Accepted outsiders 

Despite the foreign element to their upbringing, Kerk also notes that the burial goods indicate these women had been accepted by the Norse locals. 

"While the tooth filings could be easily hidden, this was not so simple with the women's skulls," Kerk points out. 

"Yet despite this visual feature, which may have been perceived as alien, the community still buried the women with extensive traditional Gotlandic costume jewelry." 

"Here, we can perhaps read a certain degree of openness towards otherness or foreignness, as the visually different-looking women – at least in the grave – were integrated into the community," Kerk says. 

"In this specific case, it could even be deliberately presented as evidence of successful trade and far-reaching contacts." 

The pair believes the women were probably raised in another culture with trade links to the Viking world – most likely in the eastern Baltic region – and later moved to Gotland." 

These findings appear consistent with archeological findings of the era, which show the Vikings had significant and far-reaching trade links, including to the east. 

We also know from historical records that throughout the Viking Age and beyond, alliances and integration between the Norse and other cultures were, in many cases, frequent and prolonged. 

The geographical proximity of the bodies with altered teeth to natural seaports leads Kerk and Toplak to believe these men were members of a cohesive group of traders. Source: Lukas Kerr

The developing picture 

Kerk does, however, caution against making widespread assumptions regarding the practice of body modification throughout different Norse cultures in the Viking Age. 

"This question can certainly not be answered in general terms," he admits. "However, thanks to the extensive sources we have on the Scandinavian Viking Age, it is possible to make some statements about their outward appearance."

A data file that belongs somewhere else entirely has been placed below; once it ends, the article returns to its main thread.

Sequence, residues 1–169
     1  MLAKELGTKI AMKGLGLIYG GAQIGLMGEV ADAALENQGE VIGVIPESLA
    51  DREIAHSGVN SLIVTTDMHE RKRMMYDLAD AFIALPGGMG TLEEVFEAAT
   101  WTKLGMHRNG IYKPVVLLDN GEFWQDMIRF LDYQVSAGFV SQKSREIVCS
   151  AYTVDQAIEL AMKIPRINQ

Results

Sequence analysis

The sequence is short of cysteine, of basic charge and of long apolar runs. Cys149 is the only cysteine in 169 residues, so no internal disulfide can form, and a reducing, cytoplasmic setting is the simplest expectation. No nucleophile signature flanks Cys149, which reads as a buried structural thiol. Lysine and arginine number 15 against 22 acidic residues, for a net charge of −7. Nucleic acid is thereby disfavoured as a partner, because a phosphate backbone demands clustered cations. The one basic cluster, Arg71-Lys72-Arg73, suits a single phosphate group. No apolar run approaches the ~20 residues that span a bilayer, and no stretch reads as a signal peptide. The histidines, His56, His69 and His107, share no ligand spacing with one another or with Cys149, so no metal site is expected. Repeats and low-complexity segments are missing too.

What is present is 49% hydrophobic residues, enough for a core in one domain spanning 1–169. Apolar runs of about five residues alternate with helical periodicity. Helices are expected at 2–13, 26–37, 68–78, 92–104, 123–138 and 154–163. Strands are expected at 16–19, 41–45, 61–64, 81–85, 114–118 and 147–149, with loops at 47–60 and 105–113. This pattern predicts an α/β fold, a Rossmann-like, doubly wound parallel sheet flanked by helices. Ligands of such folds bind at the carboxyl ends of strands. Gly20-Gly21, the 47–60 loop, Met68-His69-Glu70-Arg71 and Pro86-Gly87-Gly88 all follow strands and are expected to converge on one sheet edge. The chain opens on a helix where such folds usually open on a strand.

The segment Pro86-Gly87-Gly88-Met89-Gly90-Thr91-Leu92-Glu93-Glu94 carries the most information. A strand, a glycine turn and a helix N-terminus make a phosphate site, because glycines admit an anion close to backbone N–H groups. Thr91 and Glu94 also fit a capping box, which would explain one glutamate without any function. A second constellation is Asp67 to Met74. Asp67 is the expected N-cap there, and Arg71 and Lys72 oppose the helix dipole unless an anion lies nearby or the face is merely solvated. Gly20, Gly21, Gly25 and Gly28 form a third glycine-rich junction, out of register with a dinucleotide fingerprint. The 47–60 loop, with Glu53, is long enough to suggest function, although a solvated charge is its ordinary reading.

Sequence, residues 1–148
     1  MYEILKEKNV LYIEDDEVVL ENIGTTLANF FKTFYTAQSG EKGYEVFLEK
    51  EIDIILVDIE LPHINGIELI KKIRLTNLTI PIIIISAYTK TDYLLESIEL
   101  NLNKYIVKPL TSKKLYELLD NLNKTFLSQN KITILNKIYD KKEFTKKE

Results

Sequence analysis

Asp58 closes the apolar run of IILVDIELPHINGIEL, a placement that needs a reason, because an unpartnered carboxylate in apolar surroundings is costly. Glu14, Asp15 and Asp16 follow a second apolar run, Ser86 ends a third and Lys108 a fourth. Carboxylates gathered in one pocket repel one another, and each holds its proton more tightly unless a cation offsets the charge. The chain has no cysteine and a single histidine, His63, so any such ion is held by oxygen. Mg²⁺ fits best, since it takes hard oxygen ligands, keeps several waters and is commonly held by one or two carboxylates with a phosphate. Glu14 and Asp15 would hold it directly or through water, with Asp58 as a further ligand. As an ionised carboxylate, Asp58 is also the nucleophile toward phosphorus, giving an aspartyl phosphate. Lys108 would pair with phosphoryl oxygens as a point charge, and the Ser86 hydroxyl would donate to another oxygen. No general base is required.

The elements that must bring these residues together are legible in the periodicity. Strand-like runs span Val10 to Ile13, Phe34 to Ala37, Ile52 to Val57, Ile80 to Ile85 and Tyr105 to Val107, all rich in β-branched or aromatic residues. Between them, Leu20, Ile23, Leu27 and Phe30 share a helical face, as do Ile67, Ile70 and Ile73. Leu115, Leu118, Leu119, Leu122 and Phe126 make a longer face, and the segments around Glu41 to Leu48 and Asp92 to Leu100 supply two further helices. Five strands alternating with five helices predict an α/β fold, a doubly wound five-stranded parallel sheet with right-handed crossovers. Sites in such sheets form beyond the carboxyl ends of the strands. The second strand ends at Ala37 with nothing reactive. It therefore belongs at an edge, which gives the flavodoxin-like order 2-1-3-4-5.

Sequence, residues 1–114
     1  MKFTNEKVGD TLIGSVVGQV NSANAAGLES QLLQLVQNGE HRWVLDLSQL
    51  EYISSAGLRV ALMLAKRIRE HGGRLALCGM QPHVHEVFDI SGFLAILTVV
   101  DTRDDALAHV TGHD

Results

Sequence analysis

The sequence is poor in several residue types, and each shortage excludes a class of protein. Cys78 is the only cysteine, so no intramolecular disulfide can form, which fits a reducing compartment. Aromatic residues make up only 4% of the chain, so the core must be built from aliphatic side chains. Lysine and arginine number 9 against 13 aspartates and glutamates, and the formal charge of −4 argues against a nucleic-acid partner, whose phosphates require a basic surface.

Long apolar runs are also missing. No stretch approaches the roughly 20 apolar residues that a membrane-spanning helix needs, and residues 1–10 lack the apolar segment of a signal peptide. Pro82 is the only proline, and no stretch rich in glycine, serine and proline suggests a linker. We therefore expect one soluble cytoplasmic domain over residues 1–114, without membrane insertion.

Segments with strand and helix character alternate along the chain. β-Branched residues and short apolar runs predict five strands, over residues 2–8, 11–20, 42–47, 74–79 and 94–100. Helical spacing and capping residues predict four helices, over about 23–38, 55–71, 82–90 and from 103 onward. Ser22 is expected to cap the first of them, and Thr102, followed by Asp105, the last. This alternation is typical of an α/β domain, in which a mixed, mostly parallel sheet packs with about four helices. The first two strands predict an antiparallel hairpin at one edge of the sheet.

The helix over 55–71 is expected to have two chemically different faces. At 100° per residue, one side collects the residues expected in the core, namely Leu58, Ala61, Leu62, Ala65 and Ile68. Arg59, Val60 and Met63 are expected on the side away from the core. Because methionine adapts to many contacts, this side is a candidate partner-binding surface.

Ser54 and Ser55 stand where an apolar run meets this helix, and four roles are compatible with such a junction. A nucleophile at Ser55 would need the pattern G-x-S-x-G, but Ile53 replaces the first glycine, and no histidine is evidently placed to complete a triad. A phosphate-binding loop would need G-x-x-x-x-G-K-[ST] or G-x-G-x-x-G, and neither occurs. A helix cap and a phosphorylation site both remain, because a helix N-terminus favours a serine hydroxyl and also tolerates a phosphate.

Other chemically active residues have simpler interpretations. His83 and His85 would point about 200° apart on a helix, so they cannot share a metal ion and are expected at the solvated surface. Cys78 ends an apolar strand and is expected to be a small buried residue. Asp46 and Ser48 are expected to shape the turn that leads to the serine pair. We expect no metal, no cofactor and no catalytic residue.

"Archeological, iconographic, and historical sources have handed down various aspects of the physical appearance of the Vikings," he continues. 

"In addition to the examples of permanent body modifications we have analyzed, these also allow us to make references to certain hairstyles, beards, shaving, or general personal hygiene." 

Indeed, there is additional research in this area that has helped us to gain a better understanding of this aspect of Viking Age culture. 

This includes the examination of grave goods at locations such as Hedeby and Birka, a comprehensive study of Norse combs in the UK, and the Fashioning the Viking Age project from the National Museum in Copenhagen. 

Now, Kerk and Toplak's analysis has added a further layer of understanding, and Kerk tells us they are curious about future research in this area. 

"The topic is very exciting, and new discoveries always make fresh interpretations of this multifaceted phenomenon possible," Kerk says. 

"Both Matthias and I will continue to be active in this area. We would of course be delighted if more individuals with filed teeth and modified skulls were discovered in the future." 

"They may support our view of things or perhaps even show them in a completely different light."

You can read the paper Body Modification on Viking Age Gotland here, and The Viking Herald's initial report here